Joan Carlile was one of the first professional female portrait painters working in England. The present work, discovered in a private collection in France, is a recent addition to Carlile’s recorded oeuvre. The attribution of this painting has been confirmed by Dr Jane Eade, curator at the National Trust and Nicole Ryder, conservator at the National Trust.
The life and work of Joan Carlile is currently undergoing extensive reappraisal and, over the last few years, several of her works have been rediscovered (e.g. Portrait of an Unknown Lady, Tate). Carlile’s work is also being studied more closely on a technical level, and ongoing conservation work on the triple Portrait of Elizabeth Murray, Countess of Dysart with her first husband Sir Lionel Tollemache and sister Margaret Murray at Ham House has allowed a more in-depth study of Carlile’s painting style. It has been observed that many of her works share compositional affinities and certain stylistic traits such as the silvery highlighting of facial features. There is also a clear consistency in the way she depicted the hanging curls of the female subject’s hair.
Dr Eade has suggested in a recent article that the subject of this portrait is Elizabeth Murray, Countess of Dysart (1626-1698), who Carlile painted on several occasions. Elizabeth Murray was the eldest of the five daughters of William Murray, first Earl of Dysart and Catherine Murray. Her father was a close companion of King Charles I. He also obtained a royal lease for Ham House in Richmond, a place which would play a major role in Elizabeth’s life. In 1653, Elizabeth joined the Sealed Knot, a secret organisation committed to restoring the Stuart monarchy. She was a skillful political operator, who protected herself by maintaining relations with opposing political forces. In 1660, Charles II was restored and he rewarded Elizabeth with a pension of £800 a year for life. Following the death of her husband, she married John Maitland, earl of Lauderdale and became involved in the refurbishment of the Ham estate. She was a keen collector and patronised Joan Carlile.
Dr Eade has also suggested that the sitter in the present portrait bears close resemblance to the subject of another portrait very likely to be by Carlile, now in the Bute Collection at Mount Stuart, identified in a later inscription as Elizabeth Murray (National Trust Annual 2018 and email correspondence).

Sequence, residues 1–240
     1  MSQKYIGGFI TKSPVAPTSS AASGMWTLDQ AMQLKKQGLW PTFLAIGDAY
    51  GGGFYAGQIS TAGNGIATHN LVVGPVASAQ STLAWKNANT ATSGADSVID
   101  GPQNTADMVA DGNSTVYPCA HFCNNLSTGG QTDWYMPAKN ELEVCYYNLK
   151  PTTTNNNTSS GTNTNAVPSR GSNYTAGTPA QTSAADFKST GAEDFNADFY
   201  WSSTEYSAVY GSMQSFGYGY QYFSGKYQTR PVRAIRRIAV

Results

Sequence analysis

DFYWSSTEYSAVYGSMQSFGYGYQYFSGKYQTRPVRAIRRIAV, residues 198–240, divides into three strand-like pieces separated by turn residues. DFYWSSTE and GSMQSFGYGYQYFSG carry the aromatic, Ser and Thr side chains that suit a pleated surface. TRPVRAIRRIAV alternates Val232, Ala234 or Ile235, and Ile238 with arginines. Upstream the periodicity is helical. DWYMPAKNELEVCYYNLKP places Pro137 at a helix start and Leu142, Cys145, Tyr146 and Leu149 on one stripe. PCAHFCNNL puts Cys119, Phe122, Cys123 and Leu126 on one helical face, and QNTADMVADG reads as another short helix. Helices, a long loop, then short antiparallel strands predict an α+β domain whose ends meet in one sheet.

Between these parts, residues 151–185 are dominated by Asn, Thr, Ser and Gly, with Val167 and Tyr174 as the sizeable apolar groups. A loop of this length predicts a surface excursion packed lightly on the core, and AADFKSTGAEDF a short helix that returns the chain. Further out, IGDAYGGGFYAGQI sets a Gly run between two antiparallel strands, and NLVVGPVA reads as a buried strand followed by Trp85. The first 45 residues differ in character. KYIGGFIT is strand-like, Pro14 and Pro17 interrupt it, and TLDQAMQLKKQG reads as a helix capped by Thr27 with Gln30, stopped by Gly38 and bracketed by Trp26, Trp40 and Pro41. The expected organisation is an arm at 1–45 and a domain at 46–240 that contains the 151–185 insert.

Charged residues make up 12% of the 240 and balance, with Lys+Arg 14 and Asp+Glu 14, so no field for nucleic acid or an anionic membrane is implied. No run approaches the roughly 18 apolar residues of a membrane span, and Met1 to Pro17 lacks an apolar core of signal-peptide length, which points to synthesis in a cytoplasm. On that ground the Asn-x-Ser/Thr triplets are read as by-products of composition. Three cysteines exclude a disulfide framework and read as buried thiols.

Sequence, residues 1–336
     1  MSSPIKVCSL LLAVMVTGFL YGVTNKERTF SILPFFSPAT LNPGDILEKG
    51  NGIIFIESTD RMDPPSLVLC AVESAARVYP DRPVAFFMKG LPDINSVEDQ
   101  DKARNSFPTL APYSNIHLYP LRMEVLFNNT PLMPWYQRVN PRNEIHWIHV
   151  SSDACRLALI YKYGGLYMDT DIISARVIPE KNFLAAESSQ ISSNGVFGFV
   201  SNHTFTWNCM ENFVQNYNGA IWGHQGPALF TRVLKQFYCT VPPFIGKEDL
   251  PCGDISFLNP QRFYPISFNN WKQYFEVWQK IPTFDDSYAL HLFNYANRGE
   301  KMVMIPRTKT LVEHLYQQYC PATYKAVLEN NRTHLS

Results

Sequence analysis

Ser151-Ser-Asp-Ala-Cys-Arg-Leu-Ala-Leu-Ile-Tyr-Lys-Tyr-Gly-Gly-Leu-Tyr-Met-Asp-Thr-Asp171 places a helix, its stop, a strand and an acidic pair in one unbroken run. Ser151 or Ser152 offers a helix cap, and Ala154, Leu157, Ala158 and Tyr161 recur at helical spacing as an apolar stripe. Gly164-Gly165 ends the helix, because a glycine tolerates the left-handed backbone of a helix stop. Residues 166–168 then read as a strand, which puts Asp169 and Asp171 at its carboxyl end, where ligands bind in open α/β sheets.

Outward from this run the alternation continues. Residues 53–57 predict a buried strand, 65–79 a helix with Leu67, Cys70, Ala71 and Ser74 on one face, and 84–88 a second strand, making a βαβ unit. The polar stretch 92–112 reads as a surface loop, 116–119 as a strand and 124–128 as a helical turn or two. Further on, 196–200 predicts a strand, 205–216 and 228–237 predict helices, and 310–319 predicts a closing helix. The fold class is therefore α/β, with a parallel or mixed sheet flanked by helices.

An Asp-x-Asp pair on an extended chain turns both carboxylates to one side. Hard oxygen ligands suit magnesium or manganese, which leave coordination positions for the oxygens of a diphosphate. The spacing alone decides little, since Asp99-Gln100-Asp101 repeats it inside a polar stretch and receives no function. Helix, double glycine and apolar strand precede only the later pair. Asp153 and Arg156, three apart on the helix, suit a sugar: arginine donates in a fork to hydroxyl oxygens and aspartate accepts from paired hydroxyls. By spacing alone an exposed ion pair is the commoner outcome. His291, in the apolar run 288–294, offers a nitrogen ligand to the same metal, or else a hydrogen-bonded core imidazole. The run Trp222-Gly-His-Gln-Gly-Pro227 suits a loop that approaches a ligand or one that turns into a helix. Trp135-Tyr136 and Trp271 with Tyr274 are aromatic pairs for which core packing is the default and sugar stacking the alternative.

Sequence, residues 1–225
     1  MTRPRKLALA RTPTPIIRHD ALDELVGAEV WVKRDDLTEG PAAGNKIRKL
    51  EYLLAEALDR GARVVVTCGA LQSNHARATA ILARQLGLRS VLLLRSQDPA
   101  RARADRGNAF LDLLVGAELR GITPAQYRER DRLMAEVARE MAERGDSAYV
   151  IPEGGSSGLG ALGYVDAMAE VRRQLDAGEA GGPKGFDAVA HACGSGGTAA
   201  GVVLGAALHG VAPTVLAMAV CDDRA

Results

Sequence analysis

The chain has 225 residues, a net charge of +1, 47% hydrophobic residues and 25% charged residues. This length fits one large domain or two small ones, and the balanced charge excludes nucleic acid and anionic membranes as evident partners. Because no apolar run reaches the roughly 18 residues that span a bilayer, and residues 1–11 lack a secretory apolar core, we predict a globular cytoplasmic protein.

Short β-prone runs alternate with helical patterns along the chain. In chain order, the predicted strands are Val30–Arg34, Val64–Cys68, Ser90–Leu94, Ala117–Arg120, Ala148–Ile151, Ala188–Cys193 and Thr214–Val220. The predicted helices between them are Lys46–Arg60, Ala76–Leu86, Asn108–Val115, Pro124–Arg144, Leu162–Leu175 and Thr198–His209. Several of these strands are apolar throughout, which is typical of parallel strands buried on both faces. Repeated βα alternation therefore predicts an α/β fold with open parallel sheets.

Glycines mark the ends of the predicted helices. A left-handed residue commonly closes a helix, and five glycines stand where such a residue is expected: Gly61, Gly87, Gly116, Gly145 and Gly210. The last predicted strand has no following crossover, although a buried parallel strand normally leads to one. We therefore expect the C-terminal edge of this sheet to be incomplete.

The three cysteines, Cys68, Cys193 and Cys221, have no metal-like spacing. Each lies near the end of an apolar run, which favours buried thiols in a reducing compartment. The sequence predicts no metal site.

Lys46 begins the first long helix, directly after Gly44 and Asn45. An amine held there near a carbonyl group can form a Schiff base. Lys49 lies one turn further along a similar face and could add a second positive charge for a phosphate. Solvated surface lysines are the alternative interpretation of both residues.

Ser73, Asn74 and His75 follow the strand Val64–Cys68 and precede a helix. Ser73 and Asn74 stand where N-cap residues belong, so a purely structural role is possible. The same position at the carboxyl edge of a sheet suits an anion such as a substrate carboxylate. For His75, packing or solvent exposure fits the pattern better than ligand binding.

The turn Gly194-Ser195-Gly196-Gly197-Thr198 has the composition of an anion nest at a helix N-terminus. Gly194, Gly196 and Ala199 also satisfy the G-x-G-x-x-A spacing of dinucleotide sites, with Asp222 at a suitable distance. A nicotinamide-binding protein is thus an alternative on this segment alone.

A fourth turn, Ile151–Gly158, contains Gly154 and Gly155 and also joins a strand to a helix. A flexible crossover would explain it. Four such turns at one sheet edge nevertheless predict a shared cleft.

Joan Carlile (1606-1679) was born Joan Palmer in c. 1606 and was the daughter of William Palmer, an employee of the royal parks of St James’s, and his wife Mary. Joan Palmer married in 1626, a poet and court dramatist named Lodowick Carlell (called Carlile), who was also groom of the privy chamber and gentleman of the bows to King Charles I. In 1637, Lodowick was made a keeper of Richmond Park and the Carlile family moved to Petersham and lived in Petersham Lodge in the north-west corner of the park. Although information of Carlile’s early life is scant, the surviving correspondence of Bishop Duppa (1589-1662), a royalist advisor who was exiled to Richmond during the Interregnum reveals that the Carlile’s took in wealthy aristocratic lodgers. In 1654, the Carliles relocated to Covent Garden which was already home to a number of prominent artists including Samuel Cooper (1608-1672) and Mary Beale (1633-1699). By 1656, Carlile was back in Petersham and in 1663, Carlile and her family moved back to London. She died in 1679.
on stretcher verso bottom left: by Peter Lely 1665
The Earls of Hardwicke (as suggested by an old label on the reverse); private collection, France; Ader Normann, Paris, 15 December 2017: Mobilier et Objets d'Art (lot 20); with Philip Mould Gallery, London; from whom purchased by GAC 2018
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